a vestige of thought...

Monday, October 31, 2005


Happy Halloween, friends! I had Learning Tree today and a moderate amount of fun was sucked out of Halloween as we are not even allowed to reference the holiday there as some people are likely to be offended. Ah well. In general, I have fewer qualms about Halloween than many Christians on religious grounds. However, I do find that it is a holiday lacking in good purpose. There is little about Halloween that will in any way inhance the character of those that celebrate it, especially young children.

Halloween is made up of two basic parts: the dressing-up-as-something-you-are-not part and the going-door-to-door-getting-candy part. The dressing up part is not all bad. Costumes are fun to both create and wear. I am told that there was a time (though I don't remember it) when nearly all costumes were homemade. Sadly, costumes, like most everything else in our society, are becoming more and more commercialized. School costume parties (that I do remember) are increasingly comparative and competitive. 'Who has the best costume?' may once have referred to creativity, but now seems to refer mostly to price. Suzie and Jenny may both dress up as black cats, but Suzie, with a storebought black hooded suit, complete with connected tail and ears, will be infinitely cooler than Jenny, who is wearing a black sweater and sweatpants of not-quite-matching shades of black with a tail pinned on and felt ears on a headband. I remember finding girls crying in the bathroom after my fourth grade class's Halloween party because someone had made fun of their (very nice, I thought) homemade costumes. Perhaps Halloween is not at fault for such situations, but it certainly doesn't help.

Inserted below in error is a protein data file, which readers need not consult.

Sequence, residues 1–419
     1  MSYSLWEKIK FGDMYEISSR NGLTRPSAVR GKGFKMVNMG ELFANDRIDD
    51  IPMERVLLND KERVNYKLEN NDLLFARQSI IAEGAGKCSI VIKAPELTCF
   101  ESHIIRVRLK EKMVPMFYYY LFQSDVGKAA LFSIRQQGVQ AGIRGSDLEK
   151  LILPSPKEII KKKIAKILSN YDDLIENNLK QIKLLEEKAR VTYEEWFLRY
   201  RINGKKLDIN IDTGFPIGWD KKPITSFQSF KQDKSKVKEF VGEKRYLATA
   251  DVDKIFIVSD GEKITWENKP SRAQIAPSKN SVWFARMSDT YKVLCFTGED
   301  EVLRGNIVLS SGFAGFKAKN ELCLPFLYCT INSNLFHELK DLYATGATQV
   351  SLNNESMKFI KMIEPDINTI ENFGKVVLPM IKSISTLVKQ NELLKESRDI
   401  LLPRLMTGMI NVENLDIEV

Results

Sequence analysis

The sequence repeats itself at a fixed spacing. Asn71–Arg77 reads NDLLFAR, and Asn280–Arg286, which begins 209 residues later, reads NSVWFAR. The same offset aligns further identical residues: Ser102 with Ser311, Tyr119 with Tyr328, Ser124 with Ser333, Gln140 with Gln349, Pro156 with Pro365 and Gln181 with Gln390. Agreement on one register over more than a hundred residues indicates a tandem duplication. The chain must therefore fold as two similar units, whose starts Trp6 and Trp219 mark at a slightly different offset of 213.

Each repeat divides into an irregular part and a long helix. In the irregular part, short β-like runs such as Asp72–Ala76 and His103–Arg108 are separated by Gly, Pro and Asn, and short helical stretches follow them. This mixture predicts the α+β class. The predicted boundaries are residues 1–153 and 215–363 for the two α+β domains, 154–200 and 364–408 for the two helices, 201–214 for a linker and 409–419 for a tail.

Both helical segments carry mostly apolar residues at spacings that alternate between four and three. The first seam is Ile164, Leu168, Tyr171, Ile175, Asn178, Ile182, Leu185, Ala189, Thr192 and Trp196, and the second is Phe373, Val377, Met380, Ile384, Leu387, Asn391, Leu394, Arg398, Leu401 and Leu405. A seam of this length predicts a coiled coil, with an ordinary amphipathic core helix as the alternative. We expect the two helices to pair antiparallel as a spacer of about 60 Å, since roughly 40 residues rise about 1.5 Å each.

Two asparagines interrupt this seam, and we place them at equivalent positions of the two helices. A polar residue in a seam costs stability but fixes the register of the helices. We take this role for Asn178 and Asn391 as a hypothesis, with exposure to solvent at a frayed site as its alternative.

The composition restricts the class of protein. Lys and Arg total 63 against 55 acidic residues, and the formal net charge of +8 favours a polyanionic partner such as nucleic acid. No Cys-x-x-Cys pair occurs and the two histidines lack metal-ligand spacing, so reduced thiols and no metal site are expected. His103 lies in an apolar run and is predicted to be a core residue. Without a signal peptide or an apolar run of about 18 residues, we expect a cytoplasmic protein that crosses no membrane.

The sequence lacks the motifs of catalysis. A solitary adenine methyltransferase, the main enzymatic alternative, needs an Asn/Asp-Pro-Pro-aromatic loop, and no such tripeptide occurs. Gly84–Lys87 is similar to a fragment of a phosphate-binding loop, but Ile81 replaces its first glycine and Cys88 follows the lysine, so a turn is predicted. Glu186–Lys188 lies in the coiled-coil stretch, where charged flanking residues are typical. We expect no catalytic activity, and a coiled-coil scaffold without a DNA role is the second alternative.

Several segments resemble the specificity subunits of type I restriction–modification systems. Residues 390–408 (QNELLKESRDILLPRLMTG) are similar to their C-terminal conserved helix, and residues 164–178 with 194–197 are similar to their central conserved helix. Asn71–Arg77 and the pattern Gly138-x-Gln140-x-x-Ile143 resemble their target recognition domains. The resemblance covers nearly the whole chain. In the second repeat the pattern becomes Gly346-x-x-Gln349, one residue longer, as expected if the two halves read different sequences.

I have to admit that I always enjoyed the candy-collecting part of Halloween, but I find it saddening to hear many children, upon leaving houses, lamenting "that's all I get?" after being handed a few Tootsie Rolls or a Dum-Dum. On Halloween, children enter the mindset that they are entitled be given. For some reason, they become deserving of all the finest chocolates and chewy Sprees in the land. The traditional "Trick-or-Treat" reflects this attitude: give me a treat, or I'll do something unpleasant to you. Again, I do not believe that Halloween is at fault for these problems. However, it may be more of a hinderance than a help in the process of raising youngsters into people of integrity. In a world where humans are born inherently selfish, we do not need to spend time encouraging a self-serving bias.

That said, have a good time tonight, whatever you may be doing. :)

Look, even Mr. Potato Head is dressing up.
posted by Christy at 4:45 PM


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